Wealth index shows a similar effect than maternal education, increasing the probability of being overweight (3,7%) and decreasing the probability of being underweight (-2,9%) for children living in the richest households. Nevertheless, the wealth effect on overweight is significant in the case of children aged between 2 and 4 years old. The wealth index is inversely associated with underweight for children under 2 years old.

Household behaviour, habits and lifestyle are also important for explaining overweight and underweight. We attempt to approximate this effect through ethnicity. Children of Russian origin and other ethnic groups show a lower probability of being overweight in comparison with Kazakh peers.

The numbers of household members, breastfeeding and rural/urban variables are not significant in prediction of being overweight or underweight. Regional disparities analysis discovered the prevalence of overweight in the West of Kazakhstan (Fig. 2). Interestingly, Aktobe region has more than 10% higher probability of being overweight for children 2-4 years old in comparison with the lowest overweight region (Mangistau). There are more regions with significant overweight among children until 2 years old than from 2 to 4 years old.

Children with the highest risk of underweight from 0 to 2 years old are located in Almaty oblast. The region of Almaty is characterized by a high pollution level. Despite its economic value for the country, the health expenditure for Almaty oblast is among the lowest in Kazakhstan. Aktobe also has a high risk of children underweight from 2 to 4 years old. Actually, Aktobe is the region with the highest risk of both, overweight and underweight, which is remarkable in a sense. To get a full credible explanation of the obtained results, further research should be carried out with similar estimates at the oblast level with the following comparison between regions (Fig. 3).

Fig. (2). Overweight prevalence by regions.

Fig. (3). Underweight prevalence by regions.

CONCLUSION

During the last 10 years, the prevalence of underweight has decreased considerably in Kazakhstan and, nowadays, it is set under 3% for children under 5 years old. However, the prevalence of overweight was not important at all in the 90s, reaching 10% of children under 5 nowadays. This means that there is a co-existence between underweight and overweight in the same country and, in some cases, within the same region.

Maternal education is inversely associated with being underweight, thereby reducing the risk of being underweight for children under 2 years old. At the same time, the higher education of mothers increases the risk of being overweight for children before 2 years old. Results suggest that higher education might affect infant diet leading to excessive weight gain. Further research is needed to find a casual relation between mother’s education and overweight and underweight.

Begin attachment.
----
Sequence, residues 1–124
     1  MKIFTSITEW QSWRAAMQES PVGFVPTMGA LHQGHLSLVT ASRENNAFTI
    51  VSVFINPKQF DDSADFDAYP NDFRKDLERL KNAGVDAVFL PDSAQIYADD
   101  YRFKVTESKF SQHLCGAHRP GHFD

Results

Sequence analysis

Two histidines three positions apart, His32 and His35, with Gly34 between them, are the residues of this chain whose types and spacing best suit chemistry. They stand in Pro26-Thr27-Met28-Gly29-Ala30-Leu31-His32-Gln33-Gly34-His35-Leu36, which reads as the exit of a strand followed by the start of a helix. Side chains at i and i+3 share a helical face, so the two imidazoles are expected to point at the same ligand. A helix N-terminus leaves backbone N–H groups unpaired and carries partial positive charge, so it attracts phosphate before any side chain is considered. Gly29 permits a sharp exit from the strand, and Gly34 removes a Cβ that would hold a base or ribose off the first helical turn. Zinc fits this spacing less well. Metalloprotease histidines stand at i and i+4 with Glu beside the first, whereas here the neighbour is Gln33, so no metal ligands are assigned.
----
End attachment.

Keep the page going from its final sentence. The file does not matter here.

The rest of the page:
The probability of being overweight also increases for the wealthiest quintile 5th. It seems that richer families give larger quantities or food with more sugar and fat to the children.

Ethnicity can reflect family lifestyle, eating habits and behaviours, which shape the child's diet. Study findings suggest that children of Kazakh families are more likely overweight.

The study suggests a considerable geographical variability of underweight and overweight prevalence in Kazakhstan. Aktobe is the region with the highest prevalence of overweight and underweight at the same time. The Mangistau region has the lowest risk of child overweight which can be explained by the fish-rich diet.

NOTES

This survey is part of a UNICEF programme that has been done for different countries in collaboration with the national governments. The program is currently operating in about 90 developing countries.

ETHICS APPROVAL AND CONSENT TO PARTICIPATE

Not applicable.

HUMAN AND ANIMAL RIGHTS

Not applicable.

CONSENT FOR PUBLICATION

Not applicable.

AVAILABILITY OF DATA AND MATERIALS

The data supporting the findings of the article is available in the UNICEF-MICS at: https://mics.unicef.org/surveys, reference numbers Kazakhstan-MICS3, Kazakhstan-MICS4, Kazakhstan-MICS.

FUNDING

This study was supported by the Science Committee of the Ministry of Education and Science of the Republic of Kazakhstan throughout the project “Healthy Childhood and Socio-Economic Status in Kazakhstan” for 2018-2020 (AP05135896).

CONFLICT OF INTEREST

The authors declare no conflict of interest, financial or otherwise.

ACKNOWLEDGEMENTS

Authors wish to acknowledge the support of the Science Committee of the Ministry of Education and Science of the Republic of Kazakhstan.